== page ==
My eating has always been picky. And too often, while surviving my years as a teenager and doing my best to not get lost, I turned to food as a way of coping. That coping was often not eating or eating too much.
This relationship with food has continued to be the most difficult part in my weight loss journey to date. Counting calories is overwhelming. And it often feels impossible that so many calories could go into so little food.
It's not something you talk about often. No one really wants to know that someone is struggling with any sort of an eating disorder. After all food is our friend. It's how we survive. We need it to make it through the days. It shouldn't be our enemy.
I struggle - nearly every day - with making the best choices for my body. Most days I lose the battle to eat the best foods I can. Most days I don't get as many servings of vegetables as I should. Most days I don't eat more than two servings of fruit. Most days I load up on more carbohydrates than lean protein.
A lot of it goes back to looking at food for comfort. I'm trying to move away from this perspective because food is not meant for comfort. Yes, it can provide that, but that shouldn't be it's main purpose. Seeing food as comfort leads to, in my case at least, a colossal weight gain.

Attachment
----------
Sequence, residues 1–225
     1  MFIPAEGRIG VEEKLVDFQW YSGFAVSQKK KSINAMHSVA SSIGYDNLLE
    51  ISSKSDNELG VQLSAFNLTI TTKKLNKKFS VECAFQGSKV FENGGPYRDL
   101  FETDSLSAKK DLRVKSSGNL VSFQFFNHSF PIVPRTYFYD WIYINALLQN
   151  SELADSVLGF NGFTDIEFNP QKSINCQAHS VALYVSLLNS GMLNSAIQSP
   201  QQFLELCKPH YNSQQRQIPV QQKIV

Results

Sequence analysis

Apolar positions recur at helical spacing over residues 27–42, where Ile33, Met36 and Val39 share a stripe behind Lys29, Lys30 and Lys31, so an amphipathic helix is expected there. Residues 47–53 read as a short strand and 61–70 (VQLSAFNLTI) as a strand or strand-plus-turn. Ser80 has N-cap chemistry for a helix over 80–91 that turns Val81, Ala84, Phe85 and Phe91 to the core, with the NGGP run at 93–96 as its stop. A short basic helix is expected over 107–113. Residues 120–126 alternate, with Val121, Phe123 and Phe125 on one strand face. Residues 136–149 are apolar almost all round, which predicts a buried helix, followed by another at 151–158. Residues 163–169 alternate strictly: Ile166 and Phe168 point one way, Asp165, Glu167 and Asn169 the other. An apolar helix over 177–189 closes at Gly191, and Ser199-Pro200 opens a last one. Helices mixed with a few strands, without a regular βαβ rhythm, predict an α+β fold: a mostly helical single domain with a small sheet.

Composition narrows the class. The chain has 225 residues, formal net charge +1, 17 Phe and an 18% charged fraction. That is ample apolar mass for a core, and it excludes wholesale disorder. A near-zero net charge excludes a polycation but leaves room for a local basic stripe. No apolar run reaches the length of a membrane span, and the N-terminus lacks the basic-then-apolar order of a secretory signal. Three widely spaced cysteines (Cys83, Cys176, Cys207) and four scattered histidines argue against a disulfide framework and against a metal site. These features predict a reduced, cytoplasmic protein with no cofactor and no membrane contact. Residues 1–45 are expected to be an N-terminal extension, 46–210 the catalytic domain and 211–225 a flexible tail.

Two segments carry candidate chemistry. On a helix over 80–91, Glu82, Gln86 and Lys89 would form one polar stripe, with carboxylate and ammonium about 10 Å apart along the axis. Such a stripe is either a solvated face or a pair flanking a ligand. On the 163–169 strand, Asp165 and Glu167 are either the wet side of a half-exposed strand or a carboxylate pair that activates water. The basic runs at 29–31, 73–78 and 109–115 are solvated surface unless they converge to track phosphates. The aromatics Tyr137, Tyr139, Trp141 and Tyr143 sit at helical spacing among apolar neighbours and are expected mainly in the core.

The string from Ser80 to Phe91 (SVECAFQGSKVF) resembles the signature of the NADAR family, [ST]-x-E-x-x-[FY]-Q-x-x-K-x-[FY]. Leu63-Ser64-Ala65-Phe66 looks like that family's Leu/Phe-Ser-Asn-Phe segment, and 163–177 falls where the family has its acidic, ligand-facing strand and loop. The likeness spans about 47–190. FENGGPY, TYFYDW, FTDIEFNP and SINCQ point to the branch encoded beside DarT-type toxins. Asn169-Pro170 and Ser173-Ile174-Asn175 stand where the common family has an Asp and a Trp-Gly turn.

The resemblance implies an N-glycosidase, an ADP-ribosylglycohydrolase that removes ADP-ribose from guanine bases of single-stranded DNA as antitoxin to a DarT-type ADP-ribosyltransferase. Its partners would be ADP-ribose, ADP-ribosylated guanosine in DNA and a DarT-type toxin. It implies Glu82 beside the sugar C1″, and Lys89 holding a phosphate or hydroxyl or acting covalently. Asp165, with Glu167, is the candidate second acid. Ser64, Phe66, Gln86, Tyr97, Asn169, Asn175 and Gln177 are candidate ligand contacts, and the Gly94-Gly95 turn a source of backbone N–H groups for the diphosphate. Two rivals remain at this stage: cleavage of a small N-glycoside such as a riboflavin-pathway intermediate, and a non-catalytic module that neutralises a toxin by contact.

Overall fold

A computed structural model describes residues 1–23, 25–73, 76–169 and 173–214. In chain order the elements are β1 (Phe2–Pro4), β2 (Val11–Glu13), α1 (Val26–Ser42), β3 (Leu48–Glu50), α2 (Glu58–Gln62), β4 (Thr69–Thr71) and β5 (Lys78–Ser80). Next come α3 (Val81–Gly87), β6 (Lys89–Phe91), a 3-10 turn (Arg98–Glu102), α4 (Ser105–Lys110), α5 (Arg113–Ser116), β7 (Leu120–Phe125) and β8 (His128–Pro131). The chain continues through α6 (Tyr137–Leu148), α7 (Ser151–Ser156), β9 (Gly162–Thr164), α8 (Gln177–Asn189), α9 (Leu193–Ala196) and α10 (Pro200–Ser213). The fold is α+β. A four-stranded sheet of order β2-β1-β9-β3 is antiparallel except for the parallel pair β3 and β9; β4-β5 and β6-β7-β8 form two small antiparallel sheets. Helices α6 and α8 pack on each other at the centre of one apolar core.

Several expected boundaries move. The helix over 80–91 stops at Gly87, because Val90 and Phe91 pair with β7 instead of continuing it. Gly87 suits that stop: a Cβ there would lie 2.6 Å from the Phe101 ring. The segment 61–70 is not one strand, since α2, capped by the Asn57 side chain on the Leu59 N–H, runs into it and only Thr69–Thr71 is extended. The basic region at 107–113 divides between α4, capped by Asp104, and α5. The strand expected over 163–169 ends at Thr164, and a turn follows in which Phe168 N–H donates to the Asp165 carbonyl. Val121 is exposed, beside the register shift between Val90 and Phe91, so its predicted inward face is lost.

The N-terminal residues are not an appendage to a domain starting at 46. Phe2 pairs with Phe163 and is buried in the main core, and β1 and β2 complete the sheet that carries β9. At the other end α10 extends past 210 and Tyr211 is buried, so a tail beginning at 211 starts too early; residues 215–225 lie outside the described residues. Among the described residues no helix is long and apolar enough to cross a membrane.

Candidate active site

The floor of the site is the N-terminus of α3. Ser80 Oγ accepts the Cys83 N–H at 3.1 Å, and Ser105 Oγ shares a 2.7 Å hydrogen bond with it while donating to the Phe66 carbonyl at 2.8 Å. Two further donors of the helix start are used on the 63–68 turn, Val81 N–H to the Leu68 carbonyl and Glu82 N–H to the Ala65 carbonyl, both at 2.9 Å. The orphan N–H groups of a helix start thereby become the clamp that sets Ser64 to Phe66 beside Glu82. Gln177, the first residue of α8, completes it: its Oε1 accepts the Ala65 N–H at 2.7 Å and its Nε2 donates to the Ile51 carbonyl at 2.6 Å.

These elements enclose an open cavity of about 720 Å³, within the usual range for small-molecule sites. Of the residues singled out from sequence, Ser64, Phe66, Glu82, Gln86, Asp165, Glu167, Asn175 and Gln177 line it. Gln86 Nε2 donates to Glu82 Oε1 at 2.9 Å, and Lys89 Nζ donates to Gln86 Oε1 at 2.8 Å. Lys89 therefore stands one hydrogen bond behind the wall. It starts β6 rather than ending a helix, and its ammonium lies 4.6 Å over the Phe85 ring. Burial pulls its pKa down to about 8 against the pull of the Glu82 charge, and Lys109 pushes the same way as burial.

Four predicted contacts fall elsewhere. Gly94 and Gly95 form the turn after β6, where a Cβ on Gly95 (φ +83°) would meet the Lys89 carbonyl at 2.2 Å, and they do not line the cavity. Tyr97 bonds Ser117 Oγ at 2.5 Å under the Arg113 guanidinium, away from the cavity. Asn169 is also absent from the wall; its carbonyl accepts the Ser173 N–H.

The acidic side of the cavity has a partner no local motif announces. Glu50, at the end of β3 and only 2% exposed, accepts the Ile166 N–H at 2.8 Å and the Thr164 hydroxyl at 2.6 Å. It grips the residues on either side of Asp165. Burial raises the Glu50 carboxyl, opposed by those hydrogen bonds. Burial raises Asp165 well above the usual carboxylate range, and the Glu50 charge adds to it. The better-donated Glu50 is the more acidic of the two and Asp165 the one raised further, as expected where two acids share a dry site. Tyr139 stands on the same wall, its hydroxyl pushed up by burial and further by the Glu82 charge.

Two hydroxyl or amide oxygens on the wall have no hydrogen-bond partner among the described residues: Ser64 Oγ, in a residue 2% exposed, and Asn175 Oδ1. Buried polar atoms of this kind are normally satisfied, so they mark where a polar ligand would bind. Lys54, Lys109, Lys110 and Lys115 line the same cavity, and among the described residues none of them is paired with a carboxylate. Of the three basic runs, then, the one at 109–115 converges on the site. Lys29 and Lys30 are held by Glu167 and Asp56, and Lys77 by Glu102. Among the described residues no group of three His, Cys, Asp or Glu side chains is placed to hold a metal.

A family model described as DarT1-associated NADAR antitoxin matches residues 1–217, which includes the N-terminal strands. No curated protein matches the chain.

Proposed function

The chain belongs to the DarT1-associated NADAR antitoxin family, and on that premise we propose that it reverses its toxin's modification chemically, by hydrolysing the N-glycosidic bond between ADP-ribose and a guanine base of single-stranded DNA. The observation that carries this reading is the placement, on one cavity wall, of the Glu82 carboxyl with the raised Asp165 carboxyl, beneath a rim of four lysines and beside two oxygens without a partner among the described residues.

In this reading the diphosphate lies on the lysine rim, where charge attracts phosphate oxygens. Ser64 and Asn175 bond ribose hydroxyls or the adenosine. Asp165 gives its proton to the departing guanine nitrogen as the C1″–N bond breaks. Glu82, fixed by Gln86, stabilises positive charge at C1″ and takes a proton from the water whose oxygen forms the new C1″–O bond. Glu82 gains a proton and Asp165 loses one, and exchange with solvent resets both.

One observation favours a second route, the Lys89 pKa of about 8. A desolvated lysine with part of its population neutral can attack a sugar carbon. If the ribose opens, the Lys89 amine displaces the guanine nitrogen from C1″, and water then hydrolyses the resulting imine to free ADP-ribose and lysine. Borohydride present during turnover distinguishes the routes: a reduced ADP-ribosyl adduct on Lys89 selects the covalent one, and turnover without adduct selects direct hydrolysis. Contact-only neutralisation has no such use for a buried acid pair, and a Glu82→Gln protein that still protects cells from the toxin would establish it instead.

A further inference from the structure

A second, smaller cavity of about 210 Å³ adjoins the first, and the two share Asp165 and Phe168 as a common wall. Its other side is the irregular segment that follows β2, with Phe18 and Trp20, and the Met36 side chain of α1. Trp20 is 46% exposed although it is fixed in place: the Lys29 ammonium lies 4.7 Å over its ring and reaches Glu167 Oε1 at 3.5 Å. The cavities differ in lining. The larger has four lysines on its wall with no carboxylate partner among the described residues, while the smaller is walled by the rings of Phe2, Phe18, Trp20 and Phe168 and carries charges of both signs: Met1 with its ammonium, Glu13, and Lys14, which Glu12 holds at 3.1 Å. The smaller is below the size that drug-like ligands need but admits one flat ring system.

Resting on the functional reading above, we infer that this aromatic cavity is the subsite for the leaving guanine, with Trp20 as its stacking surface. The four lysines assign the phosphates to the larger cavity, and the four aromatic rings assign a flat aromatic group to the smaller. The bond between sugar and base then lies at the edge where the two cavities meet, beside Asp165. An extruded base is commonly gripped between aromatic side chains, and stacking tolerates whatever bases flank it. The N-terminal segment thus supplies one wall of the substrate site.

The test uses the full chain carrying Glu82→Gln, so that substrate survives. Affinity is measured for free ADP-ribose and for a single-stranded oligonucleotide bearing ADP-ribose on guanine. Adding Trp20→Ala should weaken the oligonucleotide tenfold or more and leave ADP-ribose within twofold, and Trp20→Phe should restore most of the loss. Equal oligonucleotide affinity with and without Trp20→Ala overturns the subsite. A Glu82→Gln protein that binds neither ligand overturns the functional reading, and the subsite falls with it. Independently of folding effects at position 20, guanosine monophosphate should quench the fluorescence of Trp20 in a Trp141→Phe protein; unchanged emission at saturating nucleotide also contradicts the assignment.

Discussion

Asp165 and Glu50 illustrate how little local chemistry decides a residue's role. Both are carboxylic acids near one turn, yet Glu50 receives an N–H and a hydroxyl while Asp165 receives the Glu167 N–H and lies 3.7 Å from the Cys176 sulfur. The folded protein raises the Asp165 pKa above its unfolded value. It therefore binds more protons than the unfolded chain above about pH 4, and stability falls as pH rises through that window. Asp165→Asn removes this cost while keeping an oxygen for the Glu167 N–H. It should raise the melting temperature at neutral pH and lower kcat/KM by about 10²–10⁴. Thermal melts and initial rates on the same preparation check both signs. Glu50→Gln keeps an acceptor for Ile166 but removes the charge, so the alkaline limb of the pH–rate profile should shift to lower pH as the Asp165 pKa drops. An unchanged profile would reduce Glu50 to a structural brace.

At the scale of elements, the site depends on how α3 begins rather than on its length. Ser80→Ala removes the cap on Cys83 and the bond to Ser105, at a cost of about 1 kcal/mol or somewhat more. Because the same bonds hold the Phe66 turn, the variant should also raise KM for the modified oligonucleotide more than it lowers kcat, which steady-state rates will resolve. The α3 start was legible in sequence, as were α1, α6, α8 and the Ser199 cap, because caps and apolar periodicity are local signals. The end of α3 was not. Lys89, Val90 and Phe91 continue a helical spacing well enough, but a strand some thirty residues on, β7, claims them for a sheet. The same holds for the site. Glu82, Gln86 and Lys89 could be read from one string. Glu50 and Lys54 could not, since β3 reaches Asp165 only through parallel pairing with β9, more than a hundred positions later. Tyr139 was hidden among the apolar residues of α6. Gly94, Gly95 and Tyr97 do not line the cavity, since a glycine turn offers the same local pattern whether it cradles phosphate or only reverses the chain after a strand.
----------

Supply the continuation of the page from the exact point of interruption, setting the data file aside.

This is a cycle I've gone through multiple times. It is also a cycle I refuse to go through again. Before, during those times that I saw food as control, I thought I looked good. But now, years later and pounds later, I see the exhaustion on my face and see how unhealthy my skin looked. I was thin, but I wasn't healthy.
I have dreams of being thin again. Though I never want to be thin like I was in high school. The kind of thin that leads to bags under eyes and a smile that seems to be forced more than natural. I want the natural smile I have now on a smaller face and smaller frame.
And I don't want to just be thin. I want to be fit, strong, lean, and healthy; those things are so much better than thin.
So I am changing my relationship with food and seeing it for what it really is.
And what is it? It's nutrition. It's strength. It empowers me and gives me energy. It fuels me to go another day. And it is something to enjoy. It is not the things I once thought it was.
My hope is that the more I see food in this way the easier it will become to eat lower calorie foods, to choose fruit and vegetables over anything fried, and to steer away from ice cream for breakfast (which was a staple in college).
Food is not the enemy. It is one of the ways I got to a point of needing to lose weight, and it is also a part of my why. But it is also one of the ways I will get to my goal weight. It is how I will accomplish losing at least 100 pounds.
(title from "never good enough" by rachel ferguson)
[PS: To anyone who is suffering or has suffered from an eating disorder of any kind, there is hope. There is always hope. And there is always life after; and that life is pretty great. Praying for all of you who are suffering or have suffered.]